It is easy to be misleading when trying to diagnose a bad/ blown head gasket. Symptoms will often vary considerably, depending on how the gasket fails. The term “blown head gasket” does NOT necessarily describe a single thing. Head gaskets may fail in several different ways. With each failure type, different symptoms may result. The symptoms each person sees depend on how and where the head gasket fails.
To make diagnosis even more confusing, other things may cause the same symptoms as a head gasket failure. Another issue may be multiple failures which can cause more than one symptom. For example, a restricted radiator may cause an engine to overheat, very much the same as a head gasket failure. The farther we drive the vehicle, the more it may overheat. Often, intake gaskets cause coolant in the oil. Coolant in the oil is often mistaken as a head gasket. Each of these symptoms may suggest a head gasket problem but may have another explanation. Diagnosing the problem requires experience and a logical approach.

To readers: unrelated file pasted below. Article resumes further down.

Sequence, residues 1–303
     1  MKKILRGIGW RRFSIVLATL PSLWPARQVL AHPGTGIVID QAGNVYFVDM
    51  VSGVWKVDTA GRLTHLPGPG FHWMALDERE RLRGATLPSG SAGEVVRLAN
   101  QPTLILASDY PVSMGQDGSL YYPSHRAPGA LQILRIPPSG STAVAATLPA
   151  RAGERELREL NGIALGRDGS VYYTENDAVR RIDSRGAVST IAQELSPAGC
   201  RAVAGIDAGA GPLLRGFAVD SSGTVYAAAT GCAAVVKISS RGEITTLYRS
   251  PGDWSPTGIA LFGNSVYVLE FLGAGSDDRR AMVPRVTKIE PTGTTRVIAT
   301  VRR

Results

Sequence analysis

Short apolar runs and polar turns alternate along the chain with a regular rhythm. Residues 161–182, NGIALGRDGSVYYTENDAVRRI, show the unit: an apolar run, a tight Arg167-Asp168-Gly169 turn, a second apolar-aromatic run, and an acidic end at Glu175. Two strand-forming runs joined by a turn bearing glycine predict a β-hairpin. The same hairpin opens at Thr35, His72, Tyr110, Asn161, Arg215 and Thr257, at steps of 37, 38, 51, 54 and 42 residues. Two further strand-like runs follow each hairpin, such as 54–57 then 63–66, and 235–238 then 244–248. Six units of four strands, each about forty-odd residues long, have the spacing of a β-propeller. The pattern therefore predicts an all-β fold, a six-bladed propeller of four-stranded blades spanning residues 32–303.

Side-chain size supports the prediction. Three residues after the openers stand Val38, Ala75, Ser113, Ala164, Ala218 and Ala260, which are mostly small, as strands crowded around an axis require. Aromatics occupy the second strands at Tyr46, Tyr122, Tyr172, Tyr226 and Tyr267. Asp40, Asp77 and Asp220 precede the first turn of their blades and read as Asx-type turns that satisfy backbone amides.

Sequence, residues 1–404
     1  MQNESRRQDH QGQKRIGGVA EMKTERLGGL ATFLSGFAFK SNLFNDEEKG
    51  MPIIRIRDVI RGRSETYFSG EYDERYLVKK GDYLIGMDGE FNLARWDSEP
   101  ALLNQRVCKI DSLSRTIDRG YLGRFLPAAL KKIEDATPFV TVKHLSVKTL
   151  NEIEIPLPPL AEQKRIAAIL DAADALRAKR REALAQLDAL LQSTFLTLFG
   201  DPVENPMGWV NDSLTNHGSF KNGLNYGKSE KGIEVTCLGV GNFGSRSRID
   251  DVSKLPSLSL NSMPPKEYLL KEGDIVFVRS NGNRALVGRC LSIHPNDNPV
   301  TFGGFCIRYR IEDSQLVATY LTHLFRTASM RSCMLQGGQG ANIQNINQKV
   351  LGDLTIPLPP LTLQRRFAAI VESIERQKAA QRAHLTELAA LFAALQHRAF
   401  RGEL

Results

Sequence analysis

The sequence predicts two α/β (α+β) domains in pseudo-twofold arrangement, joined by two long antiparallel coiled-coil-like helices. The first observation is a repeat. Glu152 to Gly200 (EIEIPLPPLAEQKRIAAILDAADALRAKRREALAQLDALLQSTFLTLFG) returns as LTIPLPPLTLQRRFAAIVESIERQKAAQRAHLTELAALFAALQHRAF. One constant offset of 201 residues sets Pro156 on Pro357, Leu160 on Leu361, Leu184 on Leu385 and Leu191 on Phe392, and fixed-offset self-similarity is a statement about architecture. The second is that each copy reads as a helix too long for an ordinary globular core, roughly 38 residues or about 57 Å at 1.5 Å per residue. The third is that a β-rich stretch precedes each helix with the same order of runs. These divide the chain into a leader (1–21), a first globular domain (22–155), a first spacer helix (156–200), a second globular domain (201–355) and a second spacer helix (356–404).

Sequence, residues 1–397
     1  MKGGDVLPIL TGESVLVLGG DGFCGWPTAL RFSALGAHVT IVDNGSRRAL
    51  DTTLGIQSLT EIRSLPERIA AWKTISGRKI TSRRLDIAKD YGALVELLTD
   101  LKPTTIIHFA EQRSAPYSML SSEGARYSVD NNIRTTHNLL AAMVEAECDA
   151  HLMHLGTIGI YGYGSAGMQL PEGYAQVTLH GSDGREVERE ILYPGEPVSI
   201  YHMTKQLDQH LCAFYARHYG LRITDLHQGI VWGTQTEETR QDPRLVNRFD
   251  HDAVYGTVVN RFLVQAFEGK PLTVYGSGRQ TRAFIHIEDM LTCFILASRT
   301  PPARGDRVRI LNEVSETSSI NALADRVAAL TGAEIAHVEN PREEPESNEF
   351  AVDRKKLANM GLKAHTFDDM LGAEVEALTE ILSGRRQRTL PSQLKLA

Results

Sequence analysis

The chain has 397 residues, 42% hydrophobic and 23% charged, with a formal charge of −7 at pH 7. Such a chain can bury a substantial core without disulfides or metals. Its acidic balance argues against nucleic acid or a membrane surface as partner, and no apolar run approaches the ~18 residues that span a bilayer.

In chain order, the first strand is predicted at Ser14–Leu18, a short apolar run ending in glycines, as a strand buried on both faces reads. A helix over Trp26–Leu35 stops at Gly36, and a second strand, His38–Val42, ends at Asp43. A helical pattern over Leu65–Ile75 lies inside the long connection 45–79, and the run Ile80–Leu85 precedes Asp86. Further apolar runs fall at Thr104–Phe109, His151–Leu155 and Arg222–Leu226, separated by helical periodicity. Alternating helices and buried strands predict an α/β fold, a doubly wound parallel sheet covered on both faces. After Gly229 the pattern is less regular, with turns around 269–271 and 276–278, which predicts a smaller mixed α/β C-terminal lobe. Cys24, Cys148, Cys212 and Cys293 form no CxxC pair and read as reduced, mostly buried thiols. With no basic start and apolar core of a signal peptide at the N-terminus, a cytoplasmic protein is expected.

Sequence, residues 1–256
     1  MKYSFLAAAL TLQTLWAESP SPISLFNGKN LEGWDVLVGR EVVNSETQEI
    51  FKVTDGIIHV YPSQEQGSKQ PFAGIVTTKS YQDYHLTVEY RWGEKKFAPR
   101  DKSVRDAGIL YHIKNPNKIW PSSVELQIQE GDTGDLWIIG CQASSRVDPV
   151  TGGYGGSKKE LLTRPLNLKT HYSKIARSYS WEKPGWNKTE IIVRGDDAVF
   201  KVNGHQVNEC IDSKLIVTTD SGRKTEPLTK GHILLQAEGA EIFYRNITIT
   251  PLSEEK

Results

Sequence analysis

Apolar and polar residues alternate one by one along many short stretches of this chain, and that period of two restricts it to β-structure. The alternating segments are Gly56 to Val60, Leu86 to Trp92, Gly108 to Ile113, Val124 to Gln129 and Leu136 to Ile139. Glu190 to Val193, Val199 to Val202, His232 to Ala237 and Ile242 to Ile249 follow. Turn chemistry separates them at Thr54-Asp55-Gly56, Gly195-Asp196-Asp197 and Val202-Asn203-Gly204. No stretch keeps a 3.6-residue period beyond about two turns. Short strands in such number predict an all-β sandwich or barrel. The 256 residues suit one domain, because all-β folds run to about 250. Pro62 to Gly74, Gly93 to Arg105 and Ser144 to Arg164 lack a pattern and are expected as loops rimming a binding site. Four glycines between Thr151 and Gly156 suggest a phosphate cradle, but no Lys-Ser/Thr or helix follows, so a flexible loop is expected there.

Consequences of not replacing a bad head gasket
Because of the difficulty in diagnosing and the expense of repairing a head gasket, we may be tempted to let it go. This is a big mistake. Depending on the type of failure, far more damage will soon occur.
If coolant enters the exhaust, through the combustion chamber, the catalytic converter(s) is often damaged. Coolant in the engine oil may destroy the engine, by breaking down lubrication. Combustion gases that leaks into the coolant usually results in continued overheating and more damage. Hydrocarbons entering the coolant will also greatly increase corrosion. This may destroy the radiator, heater core and other expensive components.